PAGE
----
Craig A. Chase, Farm & Ag. Business Management Field Specialist, Northeast Area
Pricing products that do not have an established market can be difficult. Produce, like many other types of products, can be priced a variety of ways. Making the pricing process even more difficult is that each product has multiple customers, competitive markets, and costs. Because of the number of outlets available and non-established commodity prices, vegetable producers find it difficult to price their products at levels that allow them to reach a desired profit goal.
A publication (soon to be released as an extension bulletin) and a presentation were developed and shown to two fruit and vegetable grower workshops in Wisconsin (approximately 100 attendees). The presentation highlighted three specific methods of pricing products; based on consumers, competition, and costs. The educational program and materials stressed that although customers and competition are important factors in pricing, if the price of the product is not above the cost of production and marketing, the business will not be sustainable. Therefore, budgeting tools to allow producers to determine their own cost of production and marketing were illustrated and discussed.
It is too early to tell whether the information and tools received will impact behavioral change in how producers actually price their products. However, initial comments from producers attending the workshops have been extremely positive. Several producers approached me right after the workshop session with specific questions on how to allocate certain costs and how to interpret the results they obtain. Requests for Extension bulletin Iowa Vegetable Production Budgets (PM 2017) were frequent. Specific questions on using budgets to determine production changes, product mix, and specific pricing comments indicated awareness and knowledge of key pricing concepts. Additionally, there were follow-up emails requesting additional information on the concepts covered in the workshops. Interestingly, information requests from the Seattle Farmers Market and a Louisiana farmers market also occurred requesting this information noting they had heard about a recent publication through a farmers market grapevine.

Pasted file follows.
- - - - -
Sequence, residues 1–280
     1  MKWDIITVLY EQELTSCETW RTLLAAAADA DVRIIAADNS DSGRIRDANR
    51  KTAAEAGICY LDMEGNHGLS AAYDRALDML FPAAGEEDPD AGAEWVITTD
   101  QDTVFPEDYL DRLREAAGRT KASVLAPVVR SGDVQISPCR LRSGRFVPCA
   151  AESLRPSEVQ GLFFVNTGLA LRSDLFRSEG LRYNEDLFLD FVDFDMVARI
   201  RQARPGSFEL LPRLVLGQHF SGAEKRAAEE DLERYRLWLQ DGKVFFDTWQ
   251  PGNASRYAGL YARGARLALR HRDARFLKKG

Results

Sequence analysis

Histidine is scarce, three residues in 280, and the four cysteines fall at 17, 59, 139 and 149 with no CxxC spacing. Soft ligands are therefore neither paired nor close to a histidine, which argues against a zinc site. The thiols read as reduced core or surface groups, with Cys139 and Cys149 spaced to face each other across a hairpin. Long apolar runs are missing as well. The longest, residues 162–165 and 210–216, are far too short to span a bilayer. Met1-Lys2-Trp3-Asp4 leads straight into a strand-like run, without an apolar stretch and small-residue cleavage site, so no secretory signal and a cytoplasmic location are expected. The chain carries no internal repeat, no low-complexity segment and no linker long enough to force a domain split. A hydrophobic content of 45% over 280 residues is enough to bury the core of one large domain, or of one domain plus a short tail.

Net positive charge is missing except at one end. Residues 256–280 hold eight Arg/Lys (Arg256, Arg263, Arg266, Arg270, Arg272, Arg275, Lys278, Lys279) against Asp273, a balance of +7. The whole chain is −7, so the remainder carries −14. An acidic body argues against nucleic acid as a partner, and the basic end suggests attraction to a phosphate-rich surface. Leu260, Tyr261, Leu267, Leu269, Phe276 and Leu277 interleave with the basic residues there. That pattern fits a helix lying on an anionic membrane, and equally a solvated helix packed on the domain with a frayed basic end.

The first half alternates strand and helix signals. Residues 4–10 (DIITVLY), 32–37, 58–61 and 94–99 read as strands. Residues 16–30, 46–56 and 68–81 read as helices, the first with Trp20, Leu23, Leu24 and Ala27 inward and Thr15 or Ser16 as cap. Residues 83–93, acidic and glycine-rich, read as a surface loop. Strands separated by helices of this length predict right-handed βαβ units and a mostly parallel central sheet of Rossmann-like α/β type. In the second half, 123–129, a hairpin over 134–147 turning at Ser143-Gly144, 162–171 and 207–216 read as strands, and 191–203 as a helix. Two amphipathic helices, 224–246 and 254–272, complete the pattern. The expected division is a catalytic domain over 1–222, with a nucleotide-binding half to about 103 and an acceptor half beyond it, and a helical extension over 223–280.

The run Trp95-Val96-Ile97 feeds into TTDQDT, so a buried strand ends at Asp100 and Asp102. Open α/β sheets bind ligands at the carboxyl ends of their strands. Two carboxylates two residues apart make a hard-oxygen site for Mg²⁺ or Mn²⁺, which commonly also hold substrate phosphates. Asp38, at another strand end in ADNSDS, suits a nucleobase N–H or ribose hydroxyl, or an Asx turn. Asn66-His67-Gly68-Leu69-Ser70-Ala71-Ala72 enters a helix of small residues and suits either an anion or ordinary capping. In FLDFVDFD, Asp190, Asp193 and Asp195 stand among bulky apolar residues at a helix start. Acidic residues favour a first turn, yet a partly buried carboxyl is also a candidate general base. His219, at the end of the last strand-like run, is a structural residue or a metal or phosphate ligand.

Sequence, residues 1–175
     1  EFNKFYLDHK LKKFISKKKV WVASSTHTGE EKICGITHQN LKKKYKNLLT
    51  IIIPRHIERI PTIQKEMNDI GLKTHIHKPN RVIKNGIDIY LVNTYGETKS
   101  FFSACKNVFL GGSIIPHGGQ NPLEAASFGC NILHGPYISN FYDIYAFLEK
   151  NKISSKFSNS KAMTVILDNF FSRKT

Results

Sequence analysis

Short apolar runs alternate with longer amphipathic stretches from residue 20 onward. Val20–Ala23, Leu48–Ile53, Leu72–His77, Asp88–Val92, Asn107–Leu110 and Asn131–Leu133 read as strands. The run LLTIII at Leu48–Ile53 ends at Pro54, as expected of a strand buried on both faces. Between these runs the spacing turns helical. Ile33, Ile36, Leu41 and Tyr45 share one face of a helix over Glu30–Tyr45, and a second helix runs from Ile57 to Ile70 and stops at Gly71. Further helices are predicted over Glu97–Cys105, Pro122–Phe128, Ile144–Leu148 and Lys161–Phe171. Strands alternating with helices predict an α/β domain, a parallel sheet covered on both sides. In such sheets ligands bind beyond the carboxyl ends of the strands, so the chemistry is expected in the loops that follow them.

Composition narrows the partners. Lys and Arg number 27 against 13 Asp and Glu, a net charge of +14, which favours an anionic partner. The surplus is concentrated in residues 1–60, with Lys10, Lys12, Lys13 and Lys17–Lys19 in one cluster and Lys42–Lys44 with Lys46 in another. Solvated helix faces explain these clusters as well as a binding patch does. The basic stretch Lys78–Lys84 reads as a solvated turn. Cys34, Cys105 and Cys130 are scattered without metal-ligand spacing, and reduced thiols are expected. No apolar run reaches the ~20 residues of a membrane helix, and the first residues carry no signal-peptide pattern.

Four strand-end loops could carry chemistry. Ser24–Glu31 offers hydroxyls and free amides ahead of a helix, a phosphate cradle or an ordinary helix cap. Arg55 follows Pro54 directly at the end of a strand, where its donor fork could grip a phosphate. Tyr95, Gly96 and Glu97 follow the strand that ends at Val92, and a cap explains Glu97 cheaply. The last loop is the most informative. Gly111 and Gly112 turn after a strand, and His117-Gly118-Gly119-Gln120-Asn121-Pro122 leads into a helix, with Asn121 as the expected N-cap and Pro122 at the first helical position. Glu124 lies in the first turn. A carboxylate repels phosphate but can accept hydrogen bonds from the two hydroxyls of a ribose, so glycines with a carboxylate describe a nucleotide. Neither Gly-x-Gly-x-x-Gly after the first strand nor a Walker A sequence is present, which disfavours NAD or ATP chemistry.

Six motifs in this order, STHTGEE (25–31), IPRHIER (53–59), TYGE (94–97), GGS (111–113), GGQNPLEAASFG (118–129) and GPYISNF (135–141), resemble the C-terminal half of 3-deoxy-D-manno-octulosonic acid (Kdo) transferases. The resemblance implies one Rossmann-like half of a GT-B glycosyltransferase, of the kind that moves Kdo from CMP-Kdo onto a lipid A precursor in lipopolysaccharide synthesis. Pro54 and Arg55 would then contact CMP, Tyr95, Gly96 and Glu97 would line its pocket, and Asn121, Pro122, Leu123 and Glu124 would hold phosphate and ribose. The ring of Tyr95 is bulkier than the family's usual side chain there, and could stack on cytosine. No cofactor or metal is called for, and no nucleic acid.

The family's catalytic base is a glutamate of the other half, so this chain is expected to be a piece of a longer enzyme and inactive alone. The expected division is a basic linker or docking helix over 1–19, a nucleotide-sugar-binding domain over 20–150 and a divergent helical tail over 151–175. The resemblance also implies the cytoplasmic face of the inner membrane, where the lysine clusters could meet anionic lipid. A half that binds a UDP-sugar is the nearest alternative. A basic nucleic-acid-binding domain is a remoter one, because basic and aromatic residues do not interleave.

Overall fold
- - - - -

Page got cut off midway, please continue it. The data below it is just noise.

ISU Extension is looking at the economics of small-scale vegetable farming and the development of materials to help with tough decisions such as pricing. With added information, existing and potential vegetable growers can make informed decisions regarding what vegetable crops should be grown and the prices to charge for the products. If interested in learning more about economics of vegetable production, contact Craig Chase at 319-882-4275 (firstname.lastname@example.org).
April 11, 2008
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April 15, 2008
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